“In addition to being fast paced and full of action, this novel is witty in its descriptions of how Finn's legends were seeded . . . . This is vintage Llywelyn, full of color and poetry and the wonderful flavor of real Irish speech.” —Booklist

“She exhibits a mastery of complex, emotional themes . . . . Poignantly explores the duality between historical fact and fiction.” —Irish American Post

Product Details

ISBN-13:
9781429913140
Publisher:
Tom Doherty Associates
Publication date:
04/01/2010
Series:
Celtic World of Morgan Llywelyn , #3
Sold by:
Macmillan
Format:
NOOK Book
Pages:
400
Sales rank:
272,058
File size:
493 KB

Read an Excerpt

Finn Mac Cool


By Morgan Llywelyn

Tom Doherty Associates

Copyright © 1994 Morgan Llywelyn
All rights reserved.
ISBN: 978-1-4299-1314-0


CHAPTER 1

THE RED STAG BROKE COVER UNEXPECTEDLY. FINN AND his hounds were taken by surprise. The two dogs froze, waiting for his command. He had one glimpse into huge liquid eyes, pleading eyes; then the stag bounded away down the mountain, belling a warning.

Light from the westering sun burnished the deer's russet coat. North beyond Galway Bay, thick, pale clouds sagged with the weight of approaching winter. Sleet hissed on the wind.

Hot with life, the stag flickered like flame across a cold grey landscape.

"Red deer, red deer," Finn murmured, immobilized by beauty. A poem rose in him like spring water.

Shouts exploded behind him.

"Stag, a big one!"

"Get it!"

"Kill it! Kill it!"

Men boiled past Finn, waving their spears and howling their hunger. His instincts briefly merged with theirs. His fingers tightened on the shaft of his spear, his muscles contracted for heft and hurl.

But the poem stopped him. The poem, growing in him.

"Hold where you are!" he cried. The two young hounds, Bran and Sceolaun, whined, but stood.

The men found it harder to obey. Momentum had already carried them past him. They were hunters and a stag was running. But they were also warriors of the Fíanna, and he was the new leader of their particular fían of nine.

He called himself Finn Mac Cool.

Planting their spears on the slope to brace themselves, the fénnidi watched with regret as the deer leaped from one limestone outcropping to another. When it disappeared from sight. their eyes turned toward Finn.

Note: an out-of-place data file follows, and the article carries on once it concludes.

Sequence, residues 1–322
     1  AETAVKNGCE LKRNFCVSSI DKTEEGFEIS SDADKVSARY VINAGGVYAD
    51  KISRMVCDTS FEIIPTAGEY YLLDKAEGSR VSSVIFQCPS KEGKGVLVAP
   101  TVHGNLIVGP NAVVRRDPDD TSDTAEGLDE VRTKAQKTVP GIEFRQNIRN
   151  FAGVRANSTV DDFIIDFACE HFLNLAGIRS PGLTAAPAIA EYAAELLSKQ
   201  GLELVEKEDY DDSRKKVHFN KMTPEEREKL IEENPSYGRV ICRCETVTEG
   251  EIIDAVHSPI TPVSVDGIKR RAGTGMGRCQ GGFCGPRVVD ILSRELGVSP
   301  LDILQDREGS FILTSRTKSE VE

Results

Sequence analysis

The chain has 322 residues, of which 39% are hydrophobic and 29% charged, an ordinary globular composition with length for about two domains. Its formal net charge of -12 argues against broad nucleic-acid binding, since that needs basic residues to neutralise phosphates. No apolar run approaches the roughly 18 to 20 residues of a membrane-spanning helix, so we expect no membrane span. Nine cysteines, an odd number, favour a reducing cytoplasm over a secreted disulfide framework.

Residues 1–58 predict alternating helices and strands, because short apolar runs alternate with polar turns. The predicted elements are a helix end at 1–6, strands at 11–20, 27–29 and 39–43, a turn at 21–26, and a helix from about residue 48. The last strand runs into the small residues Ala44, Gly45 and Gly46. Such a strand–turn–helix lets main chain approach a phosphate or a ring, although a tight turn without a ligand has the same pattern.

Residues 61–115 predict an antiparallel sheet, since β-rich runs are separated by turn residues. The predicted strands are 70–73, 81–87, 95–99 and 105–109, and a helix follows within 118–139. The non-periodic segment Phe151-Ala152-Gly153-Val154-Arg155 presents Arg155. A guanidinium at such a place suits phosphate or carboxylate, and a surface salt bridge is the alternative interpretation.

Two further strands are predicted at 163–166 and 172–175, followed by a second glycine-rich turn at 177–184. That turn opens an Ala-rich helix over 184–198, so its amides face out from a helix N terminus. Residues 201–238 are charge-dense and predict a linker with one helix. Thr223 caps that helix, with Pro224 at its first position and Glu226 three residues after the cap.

"You let a fine fat stag get away," accused Conan Maol, Conan the Hairless. "And us starving."

Dark, slender Cailte added, "I could have run him down and eaten the entire animal myself."

"You could have done." Finn said amiably. "But then he'd be gone, all that grace and beauty destroyed. And you'd just be hungry again tomorrow. A creature that splendid can serve a better purpose surely than swelling your belly."

His men exchanged glances. They were beginning to recognize a certain cadence when it crept into the speech off their newly appointed rígfénnid. Fionn son of Cuhal was a dedicated hunter. But when the impulse to poetry seized him, everything else must wait. His band had already learned that much about him.

With a last wistful glance after the lost deer, they formed a circle around their leader, crossed their legs, and sat. The ground was cold. They ignored discomfort.

Finn remained standing. His eyes were tinned northward. The jagged peaks of the Twelve Bens were dimly visible across the bay, disappearing, into lowering clouds, but Finn was not looking at the mountains anyway,

In his mind, he was watching the red stag run.

His expression grew dreamy and faraway. His hair was as pale as winter sunlight, his eyes as clean as water. But when he was ready to speak, his voice would be deep and sure.

Bran and Sceolaun sniffed out the bed in the bracken where the deer had lain. Some of the animal's warmth lingered in the flattened ferns. Circling three times, the hounds remade the bed to suit themselves and curled up together. Sceolaun rested her muzzle on her crossed forepaws, but her companion's head was propped across her back so Bran could keep watchful eyes on Finn.

The cry of wild geese rang through the sky. Looking up, Finn saw black wings carving lines in silver space.

He nodded. The poem was complete. He recited,



    Here's my tale.
    Stag cries, winter snarls, summer dies.
    High and cold the wind.
    Low and dull the sun, and brief its run.
    Strong surge the seas.
    In red-brown bracken, shapes lie hidden.
    Geese sing, fleeing, south, ice on wings
    That's my tale.


When Finn stopped speaking, Donn said, "Brrr! That's made me colder than I was already."

The poet smiled, flattered.

"'Winter snarls,'" quoted Fergus. "A particularly nice hit, that." His mouth worked, savouring the words.

"It's a grand poem entirely," Cailte affirmed, "but it won't fill our bellies. Words are no substitute for a haunch of venison or a fine silver salmon with the smell of the sea on him."

"I'd give my good eye for some badger meat dripping grease," sighed the husky voice of Goll Mac Morna.